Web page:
Boosting Milk Supply

Archived Q&A and Reviews

Taking Domperidone to increase milk supply

June 2003

I am planning on taking domperidone to boost my milk supply. I'm wondering if anyone out there has any advice about taking it. Also, if you have extra that you will not be using, I would love to buy it from you. I haven't been able to find a place where I can get it quickly. Thanks!

I took Domperidome to increase my milk supply, and did find that it was the only thing that had a positive impact (as opposed to little to no impact from fenugreek, tinctures, pumping round the clock, drinking tons of water & milk, brewer's yeast...). I took it for four weeks (tapering off at the end) and experienced a very slight (if any) drop when I stopped using it. There is a pharmacy in Hayward that compounds it. It only took him a day. Also, it was much cheaper to get him to make up pills with the full dosage (20mg?). The way my prescription was originally written had me taking 2 (10mg?) pills each time and it cost almost twice as much to get it compounded that way. Here's the pharmacy info Medicine Chest Pharmacy, 925 B Street Hayward, CA 510-538- 9711. The pharmacist & owner is James Cohen, R.Ph. Julie
I started taking domperidone when my daughter was 5 or 6 weeks old. I was desperate to increase my milk supply. I had already been trying (and continued) lots of other tactics, such as breast compressions and masage, More Milk Plus, fenugreek, brewers yeast, accupuncture, etc. Honestly, I didn't notice any increase in supply from using it. I was hoping it would be my miracle, but it wasn't. The bad news -- despite all my actions, my milk supply was never sufficient, and I began supplementing when she was 3.5 months old. The good news -- we're still nursing a lot, and my daughter is so much healthier and happier now. (I was taking the full dose -- 20 mg 4 times a day. I stopped taking it when the 700 pills I'd purchased ran out, after about 3 months of use.) My advice about taking it is as follows try it -- lots of people notice a boost in supply. But, if it isn't working, it's okay!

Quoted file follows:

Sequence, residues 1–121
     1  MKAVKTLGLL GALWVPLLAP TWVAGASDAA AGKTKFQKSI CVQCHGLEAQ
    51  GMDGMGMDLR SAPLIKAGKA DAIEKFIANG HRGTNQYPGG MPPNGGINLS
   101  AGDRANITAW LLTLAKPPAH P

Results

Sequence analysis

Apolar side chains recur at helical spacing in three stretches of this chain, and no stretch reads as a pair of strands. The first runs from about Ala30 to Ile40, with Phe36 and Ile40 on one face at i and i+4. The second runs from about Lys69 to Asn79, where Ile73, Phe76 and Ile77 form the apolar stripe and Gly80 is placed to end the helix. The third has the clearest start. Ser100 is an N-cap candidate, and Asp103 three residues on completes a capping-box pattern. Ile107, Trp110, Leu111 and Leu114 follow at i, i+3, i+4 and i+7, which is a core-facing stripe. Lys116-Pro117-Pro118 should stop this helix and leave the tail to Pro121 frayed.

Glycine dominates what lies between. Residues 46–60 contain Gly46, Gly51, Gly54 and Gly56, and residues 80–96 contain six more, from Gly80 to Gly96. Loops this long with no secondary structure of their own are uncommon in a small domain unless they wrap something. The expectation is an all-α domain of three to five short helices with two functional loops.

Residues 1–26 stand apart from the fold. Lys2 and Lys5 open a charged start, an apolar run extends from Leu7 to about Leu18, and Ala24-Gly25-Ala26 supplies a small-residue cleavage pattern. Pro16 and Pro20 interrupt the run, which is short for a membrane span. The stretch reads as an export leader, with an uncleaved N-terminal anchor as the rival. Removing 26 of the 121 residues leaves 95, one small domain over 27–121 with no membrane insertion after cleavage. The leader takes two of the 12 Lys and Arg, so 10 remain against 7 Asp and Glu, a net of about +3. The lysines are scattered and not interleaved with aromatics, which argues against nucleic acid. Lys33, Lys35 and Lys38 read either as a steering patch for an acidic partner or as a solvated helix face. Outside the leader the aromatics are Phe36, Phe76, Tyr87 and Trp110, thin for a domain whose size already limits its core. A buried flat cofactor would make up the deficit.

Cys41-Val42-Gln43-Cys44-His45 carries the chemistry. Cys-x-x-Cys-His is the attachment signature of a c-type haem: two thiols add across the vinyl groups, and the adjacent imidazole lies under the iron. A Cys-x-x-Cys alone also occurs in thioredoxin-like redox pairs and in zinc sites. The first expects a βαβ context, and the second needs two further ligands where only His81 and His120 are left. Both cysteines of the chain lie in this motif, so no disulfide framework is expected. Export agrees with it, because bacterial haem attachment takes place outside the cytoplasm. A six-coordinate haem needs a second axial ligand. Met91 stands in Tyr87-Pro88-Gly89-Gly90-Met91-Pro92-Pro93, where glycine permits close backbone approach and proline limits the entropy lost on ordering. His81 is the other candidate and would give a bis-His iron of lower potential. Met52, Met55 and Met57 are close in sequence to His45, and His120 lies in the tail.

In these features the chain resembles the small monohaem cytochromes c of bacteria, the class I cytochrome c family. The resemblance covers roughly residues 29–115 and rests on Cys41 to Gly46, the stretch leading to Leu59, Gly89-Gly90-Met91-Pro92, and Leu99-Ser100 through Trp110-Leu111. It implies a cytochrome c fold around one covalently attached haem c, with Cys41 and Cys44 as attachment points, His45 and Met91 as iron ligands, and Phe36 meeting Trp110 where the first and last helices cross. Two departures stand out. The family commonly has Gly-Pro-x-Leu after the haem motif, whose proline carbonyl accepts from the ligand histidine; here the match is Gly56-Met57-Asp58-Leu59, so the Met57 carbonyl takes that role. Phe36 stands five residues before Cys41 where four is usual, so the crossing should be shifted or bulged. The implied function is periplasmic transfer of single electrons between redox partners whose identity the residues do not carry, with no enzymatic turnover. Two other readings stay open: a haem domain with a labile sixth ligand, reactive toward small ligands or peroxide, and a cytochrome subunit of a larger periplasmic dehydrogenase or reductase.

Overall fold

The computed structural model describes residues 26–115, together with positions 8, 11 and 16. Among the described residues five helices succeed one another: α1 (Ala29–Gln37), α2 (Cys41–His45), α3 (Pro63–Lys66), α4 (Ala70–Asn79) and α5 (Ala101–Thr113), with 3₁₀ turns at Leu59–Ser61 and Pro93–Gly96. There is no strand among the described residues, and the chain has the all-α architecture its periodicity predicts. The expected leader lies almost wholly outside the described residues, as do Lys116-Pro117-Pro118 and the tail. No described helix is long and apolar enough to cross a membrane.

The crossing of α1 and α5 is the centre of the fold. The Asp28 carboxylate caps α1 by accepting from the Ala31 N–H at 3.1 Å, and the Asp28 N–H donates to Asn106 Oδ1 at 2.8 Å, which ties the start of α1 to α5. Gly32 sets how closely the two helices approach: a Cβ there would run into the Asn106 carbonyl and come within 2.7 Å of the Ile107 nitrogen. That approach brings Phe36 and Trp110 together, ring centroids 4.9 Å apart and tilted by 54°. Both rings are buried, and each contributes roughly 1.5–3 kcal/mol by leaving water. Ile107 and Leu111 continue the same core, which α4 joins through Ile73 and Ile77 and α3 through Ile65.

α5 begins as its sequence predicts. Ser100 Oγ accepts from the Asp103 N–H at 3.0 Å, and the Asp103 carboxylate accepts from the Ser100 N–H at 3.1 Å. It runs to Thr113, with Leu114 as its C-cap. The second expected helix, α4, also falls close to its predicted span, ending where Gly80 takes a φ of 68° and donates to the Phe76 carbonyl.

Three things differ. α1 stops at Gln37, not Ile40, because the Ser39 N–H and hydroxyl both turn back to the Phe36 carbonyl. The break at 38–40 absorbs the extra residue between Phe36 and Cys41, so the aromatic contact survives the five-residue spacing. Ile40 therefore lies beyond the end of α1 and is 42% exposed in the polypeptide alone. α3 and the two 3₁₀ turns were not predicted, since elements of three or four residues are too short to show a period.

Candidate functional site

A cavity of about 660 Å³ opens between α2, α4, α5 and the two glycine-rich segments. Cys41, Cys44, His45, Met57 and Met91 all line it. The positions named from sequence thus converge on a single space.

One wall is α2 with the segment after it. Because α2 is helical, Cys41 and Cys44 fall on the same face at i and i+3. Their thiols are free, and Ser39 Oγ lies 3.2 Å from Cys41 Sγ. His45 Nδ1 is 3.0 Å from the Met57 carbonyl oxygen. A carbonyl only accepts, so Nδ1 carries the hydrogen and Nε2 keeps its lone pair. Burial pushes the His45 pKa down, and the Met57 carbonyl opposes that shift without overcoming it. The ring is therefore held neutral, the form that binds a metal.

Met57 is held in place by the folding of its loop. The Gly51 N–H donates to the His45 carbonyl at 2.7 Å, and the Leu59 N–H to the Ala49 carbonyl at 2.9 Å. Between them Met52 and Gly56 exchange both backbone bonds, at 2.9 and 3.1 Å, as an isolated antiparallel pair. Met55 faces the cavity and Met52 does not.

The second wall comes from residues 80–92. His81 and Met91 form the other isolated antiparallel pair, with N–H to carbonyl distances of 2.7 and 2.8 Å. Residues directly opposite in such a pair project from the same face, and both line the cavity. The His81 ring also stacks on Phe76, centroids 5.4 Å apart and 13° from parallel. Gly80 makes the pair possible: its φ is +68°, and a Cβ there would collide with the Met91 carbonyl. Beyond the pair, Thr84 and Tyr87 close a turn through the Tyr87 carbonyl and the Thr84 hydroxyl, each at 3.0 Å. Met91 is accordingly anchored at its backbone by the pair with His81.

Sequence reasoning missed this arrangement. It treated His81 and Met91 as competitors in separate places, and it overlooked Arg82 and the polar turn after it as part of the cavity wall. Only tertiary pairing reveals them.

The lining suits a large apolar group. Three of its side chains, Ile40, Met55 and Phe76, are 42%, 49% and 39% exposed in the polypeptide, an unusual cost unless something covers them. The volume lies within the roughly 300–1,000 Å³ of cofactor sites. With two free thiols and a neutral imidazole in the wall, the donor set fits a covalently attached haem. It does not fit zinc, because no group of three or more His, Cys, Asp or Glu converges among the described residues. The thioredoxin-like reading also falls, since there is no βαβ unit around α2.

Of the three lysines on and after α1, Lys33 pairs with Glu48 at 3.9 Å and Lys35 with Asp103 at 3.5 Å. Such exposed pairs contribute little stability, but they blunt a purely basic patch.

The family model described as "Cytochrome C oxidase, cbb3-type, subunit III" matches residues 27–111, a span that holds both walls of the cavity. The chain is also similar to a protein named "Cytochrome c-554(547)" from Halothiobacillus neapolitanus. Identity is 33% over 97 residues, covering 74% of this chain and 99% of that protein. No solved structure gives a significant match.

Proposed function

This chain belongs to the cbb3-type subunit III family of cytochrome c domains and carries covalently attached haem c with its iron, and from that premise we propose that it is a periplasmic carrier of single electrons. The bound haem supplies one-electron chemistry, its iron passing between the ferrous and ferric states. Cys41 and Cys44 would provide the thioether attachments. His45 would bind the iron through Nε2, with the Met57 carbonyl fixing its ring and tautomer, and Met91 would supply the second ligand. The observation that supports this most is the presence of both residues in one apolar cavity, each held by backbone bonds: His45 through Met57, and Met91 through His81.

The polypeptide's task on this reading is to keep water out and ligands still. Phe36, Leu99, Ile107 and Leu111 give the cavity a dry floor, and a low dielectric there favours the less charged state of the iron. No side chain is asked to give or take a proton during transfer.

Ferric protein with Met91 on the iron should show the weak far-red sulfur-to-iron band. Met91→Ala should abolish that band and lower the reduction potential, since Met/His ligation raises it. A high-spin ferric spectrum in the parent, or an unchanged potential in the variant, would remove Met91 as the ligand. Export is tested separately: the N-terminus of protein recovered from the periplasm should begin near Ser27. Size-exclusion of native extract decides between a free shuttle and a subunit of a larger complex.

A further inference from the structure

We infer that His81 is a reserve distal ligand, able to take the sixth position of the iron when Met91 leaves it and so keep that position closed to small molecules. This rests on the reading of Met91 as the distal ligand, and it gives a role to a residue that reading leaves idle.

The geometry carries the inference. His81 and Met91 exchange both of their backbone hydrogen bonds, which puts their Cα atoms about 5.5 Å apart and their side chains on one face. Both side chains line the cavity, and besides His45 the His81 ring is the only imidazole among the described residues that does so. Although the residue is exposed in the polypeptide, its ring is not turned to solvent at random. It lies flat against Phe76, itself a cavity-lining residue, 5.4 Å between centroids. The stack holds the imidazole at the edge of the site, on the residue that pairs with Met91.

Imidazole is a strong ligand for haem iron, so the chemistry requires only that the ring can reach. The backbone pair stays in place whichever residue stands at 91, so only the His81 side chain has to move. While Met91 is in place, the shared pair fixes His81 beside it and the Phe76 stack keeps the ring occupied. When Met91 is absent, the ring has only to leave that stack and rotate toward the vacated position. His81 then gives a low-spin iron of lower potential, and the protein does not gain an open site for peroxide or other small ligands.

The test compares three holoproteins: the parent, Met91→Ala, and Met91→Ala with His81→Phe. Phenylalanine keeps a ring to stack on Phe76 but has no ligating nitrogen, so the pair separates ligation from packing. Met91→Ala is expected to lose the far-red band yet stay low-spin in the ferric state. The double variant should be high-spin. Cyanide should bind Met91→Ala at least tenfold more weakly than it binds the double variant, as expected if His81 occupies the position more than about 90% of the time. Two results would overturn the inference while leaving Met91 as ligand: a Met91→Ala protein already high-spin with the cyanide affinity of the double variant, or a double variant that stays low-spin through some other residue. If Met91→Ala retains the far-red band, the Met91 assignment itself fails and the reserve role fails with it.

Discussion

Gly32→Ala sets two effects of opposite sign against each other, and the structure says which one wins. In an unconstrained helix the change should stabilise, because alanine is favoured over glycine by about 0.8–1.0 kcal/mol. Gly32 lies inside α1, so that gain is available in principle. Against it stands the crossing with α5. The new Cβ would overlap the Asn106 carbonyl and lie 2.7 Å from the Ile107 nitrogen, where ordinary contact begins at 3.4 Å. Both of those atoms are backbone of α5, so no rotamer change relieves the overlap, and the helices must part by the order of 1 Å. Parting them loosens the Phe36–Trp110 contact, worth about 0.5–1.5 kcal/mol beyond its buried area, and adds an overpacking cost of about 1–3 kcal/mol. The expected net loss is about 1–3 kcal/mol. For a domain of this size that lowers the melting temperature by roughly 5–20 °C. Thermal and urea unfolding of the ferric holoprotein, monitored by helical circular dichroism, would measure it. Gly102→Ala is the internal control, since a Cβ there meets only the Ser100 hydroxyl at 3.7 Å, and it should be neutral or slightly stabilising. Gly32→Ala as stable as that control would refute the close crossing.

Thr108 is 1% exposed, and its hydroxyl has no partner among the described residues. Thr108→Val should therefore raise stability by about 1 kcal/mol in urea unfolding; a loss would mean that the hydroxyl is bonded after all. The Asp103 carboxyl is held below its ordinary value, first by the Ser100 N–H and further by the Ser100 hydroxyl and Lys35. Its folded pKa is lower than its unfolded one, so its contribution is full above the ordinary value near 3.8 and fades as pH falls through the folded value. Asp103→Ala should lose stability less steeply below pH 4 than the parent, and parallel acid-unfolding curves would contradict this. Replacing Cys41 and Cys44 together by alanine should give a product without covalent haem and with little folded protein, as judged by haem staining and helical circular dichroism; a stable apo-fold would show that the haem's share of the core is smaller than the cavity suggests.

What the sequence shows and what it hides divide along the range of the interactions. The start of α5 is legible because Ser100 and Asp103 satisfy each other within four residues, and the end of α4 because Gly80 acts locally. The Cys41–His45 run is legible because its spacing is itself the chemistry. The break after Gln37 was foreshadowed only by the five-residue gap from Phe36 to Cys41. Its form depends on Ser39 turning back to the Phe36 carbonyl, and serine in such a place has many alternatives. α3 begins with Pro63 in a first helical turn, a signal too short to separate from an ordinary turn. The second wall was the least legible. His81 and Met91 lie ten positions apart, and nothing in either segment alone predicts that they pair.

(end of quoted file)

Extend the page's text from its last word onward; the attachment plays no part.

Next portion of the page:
Medicine Chest Pharmacy in Hayward is a compounding pharmacy, and they will make domperidone for you. All you need is a prescription from a physician or CNM. It usually takes a couple of hours to make it, plus the 30 min drive to Hayward from Berkeley, of course. Here's the contact information (510) 538- 9711 925 B St, Hayward CA, 94541 I got my first bottle there, and then ordered the rest from New Zealand, where I got it for about a third the price. I think it took around ten days to receive it from New Zealand. Tamar

I have breastfed my adoptive son since he was born, and have used Domperidone to increase my milk supply. See http// for information about where to obtain domperidone. Links within this web site also provide more information about domperidone.

I found the cheapest place was the one listed under New Zealand on this web site. They take orders by e-mail or telephone and do not require a prescription. The web site indicates it takes 10- 14 days to get it, but I think my last order actually arrived in less than a week.

If you want more information about my experience, please feel free to contact me. sally

Ideas for Boosting Milk Supply

Nov. 1998

a few things that have worked for me and for the moms on the breastfeeding list I subscribe to: Fenugreek capsules: apparently you can take up to 3 caps. 3x per day, but I only take one or two--experiment and see what works for you. also, mothers milk tea works really well for me. and really, really drink lots of water--its makes a difference long term. one note: all of these options usually take 3-4 days to work, so don't get discouraged. if you stick with it, you should see a difference. good luck! Ann

I breastfed my two sons for more than a year each. Instead of water try the following. Herbtea-blend from these plants: fennel, aniseed, carawayseed and stinging nettel one teaspoon of each (slightly crushed in a mortar) for one quarter of boiling water. Let stand for 10 minutes. Drink at least two quarts a day. Or try lots of alcohol-free beer. Never drink peppermint tea or sage (salvia officinalis). This would reduce milk supply. a mother
What works for me is making sure I get lots of liquid (and I mean lots -- over a gallon) a day. Also, I drink Mother's Milk Tea (available at Berkeley Bowl, Andronico's, or Whole Foods) almost every day. Try drinking a strong brew of the stuff, then pumping 3 hours later. I understand switching breasts during a feeding helps (because it stimulates production on both breasts), but you have to be careful that your baby does not get a foremilk/hindmilk imbalance. Rest, rest, rest. It is possible, also, that your baby is going through a growth spurt and is simply nursing a lot to boost up the supply. FWIW, I am not as successful a pumper as you are: 2 1/2 ounces a session is good for me. I have also noticed that by the end of the day, my baby wants to nurse contantly. He doesn't have a regular sleeping pattern yet, though he tends to sleep through the night one night and wake up every two hours the next (if you want to call that a pattern). It's possible that your body is still recovering from the flu, so try not to panic just yet. I would suggest you call a lactation consultant to have a more focused approach to what's going on. Also, there are two newsgroups with tons of knowledgeable, experienced, women who can offer you other suggestions: and Good luck! Laurel